Schuler, Ford CologneGermany – The OEM contracted Schuler to install a tri-axis transfer with overhauling carriages plus a blank loader with a line scanner. The work was completed after seven weeks and in the first six months of production the modernised press turned out 1.2m parts.

In the original set up, the transfer was mechanically linked to the rest of the system, the motion curves could not be adjusted and components had to be stored between the press slides. Following the update, a servomotoric overhauling slide integrated in the transfer rails has enabled step distances of 3.6 metres.

Furthermore, coupling and uncoupling take place automatically during the tool change, meaning that all set-up procedures can be performed outside the press and the die changeover times are “significantly reduced”, according to Schuler. The supplier adds that the direct drives and “highly dynamic” servomotors can increase output by up to 30%.

The programmability of the transfer will enable Ford to design new dies more flexibly and optimise output. Schuler says the dies are also “easier to set up and adjust”, with the profile of the transfer rails reduced from 250mm to 200mm and the freedom of movement and visibility improved.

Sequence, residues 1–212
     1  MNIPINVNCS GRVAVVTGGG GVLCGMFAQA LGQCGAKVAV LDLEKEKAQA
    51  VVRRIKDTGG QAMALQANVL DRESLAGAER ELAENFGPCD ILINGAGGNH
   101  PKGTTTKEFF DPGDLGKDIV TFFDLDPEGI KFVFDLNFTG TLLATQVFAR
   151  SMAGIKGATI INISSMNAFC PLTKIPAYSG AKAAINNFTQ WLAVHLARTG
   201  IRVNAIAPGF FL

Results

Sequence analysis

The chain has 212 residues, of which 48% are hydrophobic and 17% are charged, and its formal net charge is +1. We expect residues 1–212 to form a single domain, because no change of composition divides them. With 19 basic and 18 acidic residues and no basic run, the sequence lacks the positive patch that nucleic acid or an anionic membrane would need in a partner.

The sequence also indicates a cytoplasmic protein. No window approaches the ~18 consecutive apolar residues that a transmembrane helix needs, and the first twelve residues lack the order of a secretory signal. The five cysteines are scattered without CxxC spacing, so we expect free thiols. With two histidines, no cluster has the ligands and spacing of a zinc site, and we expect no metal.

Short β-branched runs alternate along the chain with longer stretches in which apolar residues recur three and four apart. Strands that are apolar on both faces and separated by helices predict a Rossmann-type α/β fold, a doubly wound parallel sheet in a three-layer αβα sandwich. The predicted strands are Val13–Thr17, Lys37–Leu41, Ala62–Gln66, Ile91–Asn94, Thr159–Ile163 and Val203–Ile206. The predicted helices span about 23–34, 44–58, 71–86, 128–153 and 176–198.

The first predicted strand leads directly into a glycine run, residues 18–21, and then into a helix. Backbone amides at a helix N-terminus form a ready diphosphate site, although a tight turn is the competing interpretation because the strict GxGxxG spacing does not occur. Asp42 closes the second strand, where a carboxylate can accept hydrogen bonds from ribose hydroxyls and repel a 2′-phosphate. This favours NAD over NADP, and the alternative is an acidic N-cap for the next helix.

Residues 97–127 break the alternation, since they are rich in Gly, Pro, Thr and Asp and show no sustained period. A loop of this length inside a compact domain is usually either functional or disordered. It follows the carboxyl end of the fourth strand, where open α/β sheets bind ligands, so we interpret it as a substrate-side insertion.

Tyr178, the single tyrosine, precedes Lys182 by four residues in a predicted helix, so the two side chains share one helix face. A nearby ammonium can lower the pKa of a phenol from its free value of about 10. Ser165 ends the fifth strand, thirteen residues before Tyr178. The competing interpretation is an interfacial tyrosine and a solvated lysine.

The blank loader is also designed to increase productivity. The location of each blank is detected by the line scanner as it passes, meaning that the process is now continuous. The centring robot can then optimally align the blank for the subsequent forming process. The line scanner is independent of the blank shape, while the maximum blank size is 4.1 metres. The system can handle parts side by side as well as in a row.

The scanner is positioned directly above the conveyor, rather than several metres above as in conventional optical centring stations, which means that the system is protected against ambient light and maintains its reliability. Schuler says it is accurate to three millimetres and that positional corrections can be made up to 100mm.